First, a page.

This past July, men and women from eleven indigenous communities across Kenya marched to the Ministry of Lands in Nairobi. Gripping unprocessed forms in their hands, they demanded official registration of their communal lands.
For three years, the legal process by which these communities could register and own their common lands had stalled. But within a day of marching, community members had seized the attention of the media and key government officials. Under scrutiny, the Ministry of Lands promised to process the communities’ applications within four months.
We rarely take the time to celebrate or learn from our victories. On October 14th, as we reflected on the legal empowerment journey of these inspiring communities.
The recording of this resourceful webinar is available at this link:
Our webinar featured a conversation with one of the community leaders who joined the march Francis Meitamei who is also a Paralegal from Kuku B in Kajiado, alongside Felister Manti; a community representative and Paralegal from Lenguruma in Isiolo, as well as insights from the organizations who supported them: Il’laramatak Community Concerns, Indigenous Movement for Peace Advancement and Conflict Transformation (IMPACT), Samburu Women’s Trust, and @namati_clp. They discussed such questions as:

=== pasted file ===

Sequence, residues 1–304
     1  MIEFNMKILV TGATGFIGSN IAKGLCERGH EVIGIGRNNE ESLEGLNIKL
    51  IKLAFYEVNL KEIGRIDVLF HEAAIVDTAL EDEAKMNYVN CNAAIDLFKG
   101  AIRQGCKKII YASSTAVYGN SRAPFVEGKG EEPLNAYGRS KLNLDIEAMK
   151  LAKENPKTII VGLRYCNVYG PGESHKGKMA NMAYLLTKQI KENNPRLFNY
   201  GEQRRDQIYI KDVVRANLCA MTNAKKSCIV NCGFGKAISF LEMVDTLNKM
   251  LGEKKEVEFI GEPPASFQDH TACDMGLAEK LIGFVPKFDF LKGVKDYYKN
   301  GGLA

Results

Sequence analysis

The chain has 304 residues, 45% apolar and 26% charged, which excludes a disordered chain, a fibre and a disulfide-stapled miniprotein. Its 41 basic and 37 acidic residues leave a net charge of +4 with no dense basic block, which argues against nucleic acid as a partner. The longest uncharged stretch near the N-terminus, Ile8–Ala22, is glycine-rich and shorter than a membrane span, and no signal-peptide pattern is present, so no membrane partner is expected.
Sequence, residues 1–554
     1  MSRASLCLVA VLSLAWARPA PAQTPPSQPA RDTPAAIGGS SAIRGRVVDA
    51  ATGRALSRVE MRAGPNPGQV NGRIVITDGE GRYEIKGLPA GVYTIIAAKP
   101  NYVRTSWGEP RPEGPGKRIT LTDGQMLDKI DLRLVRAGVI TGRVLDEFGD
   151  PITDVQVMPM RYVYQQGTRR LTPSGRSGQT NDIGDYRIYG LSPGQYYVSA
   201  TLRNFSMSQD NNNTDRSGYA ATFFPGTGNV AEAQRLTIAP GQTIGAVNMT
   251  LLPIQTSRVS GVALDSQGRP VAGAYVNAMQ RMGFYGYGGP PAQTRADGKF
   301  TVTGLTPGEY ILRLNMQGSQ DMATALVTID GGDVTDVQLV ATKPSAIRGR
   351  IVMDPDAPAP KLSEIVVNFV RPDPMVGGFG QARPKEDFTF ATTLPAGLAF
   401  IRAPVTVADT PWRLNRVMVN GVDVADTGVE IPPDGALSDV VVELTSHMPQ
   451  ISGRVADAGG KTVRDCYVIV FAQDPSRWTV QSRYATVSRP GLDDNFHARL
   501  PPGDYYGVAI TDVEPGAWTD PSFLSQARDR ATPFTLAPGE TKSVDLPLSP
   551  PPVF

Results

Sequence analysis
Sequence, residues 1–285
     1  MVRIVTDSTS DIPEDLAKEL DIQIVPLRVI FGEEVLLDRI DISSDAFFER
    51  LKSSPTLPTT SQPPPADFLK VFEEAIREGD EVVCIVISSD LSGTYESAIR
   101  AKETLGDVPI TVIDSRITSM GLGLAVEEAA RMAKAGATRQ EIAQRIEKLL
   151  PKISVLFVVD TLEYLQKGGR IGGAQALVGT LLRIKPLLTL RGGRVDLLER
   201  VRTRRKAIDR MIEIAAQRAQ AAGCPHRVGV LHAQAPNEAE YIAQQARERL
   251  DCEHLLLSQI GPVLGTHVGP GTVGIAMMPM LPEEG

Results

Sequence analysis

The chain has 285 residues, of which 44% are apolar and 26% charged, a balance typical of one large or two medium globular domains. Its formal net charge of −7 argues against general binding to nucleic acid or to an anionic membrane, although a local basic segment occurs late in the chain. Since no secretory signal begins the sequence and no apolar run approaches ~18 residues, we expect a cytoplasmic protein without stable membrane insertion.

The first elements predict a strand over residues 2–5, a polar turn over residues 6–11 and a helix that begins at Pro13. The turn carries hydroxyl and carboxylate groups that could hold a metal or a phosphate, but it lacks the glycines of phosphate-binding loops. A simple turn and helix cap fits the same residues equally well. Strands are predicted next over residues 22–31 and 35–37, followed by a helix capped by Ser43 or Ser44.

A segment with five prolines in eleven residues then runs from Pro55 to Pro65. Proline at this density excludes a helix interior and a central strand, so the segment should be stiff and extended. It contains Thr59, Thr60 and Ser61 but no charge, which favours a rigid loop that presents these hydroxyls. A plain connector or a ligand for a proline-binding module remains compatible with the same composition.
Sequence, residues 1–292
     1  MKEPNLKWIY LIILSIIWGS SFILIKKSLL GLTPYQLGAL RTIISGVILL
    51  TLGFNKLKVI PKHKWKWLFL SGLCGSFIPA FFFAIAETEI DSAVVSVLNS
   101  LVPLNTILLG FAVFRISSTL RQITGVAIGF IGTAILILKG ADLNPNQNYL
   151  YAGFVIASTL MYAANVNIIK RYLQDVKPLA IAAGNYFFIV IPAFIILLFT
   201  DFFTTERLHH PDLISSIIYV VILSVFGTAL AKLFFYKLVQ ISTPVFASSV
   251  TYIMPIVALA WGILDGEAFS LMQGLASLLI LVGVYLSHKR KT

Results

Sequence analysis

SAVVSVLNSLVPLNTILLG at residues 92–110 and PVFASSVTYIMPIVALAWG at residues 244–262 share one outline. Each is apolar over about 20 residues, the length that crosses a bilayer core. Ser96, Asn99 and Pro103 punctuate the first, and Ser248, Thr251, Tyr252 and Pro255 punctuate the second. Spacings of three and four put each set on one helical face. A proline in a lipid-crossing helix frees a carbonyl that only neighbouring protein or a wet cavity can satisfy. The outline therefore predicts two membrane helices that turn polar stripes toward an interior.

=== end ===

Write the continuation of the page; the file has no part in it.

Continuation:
- What are customary, indigenous land rights and why are they important?
- How did community members learn how to use the law to begin the process of registering their customary land claims? What did they do?
- How can legal empowerment equip the people most affected by injustice to advocate for themselves?
- What comes next? How will these communities build on their interim victory to fully realize their land rights?
By listening to each other’s stories, we gained both knowledge and hope. We shared how communities came to understand Kenya’s Community Land Act, met the requirements of the law, and engaged with government to demand the processing of their applications and the recognition of their land rights.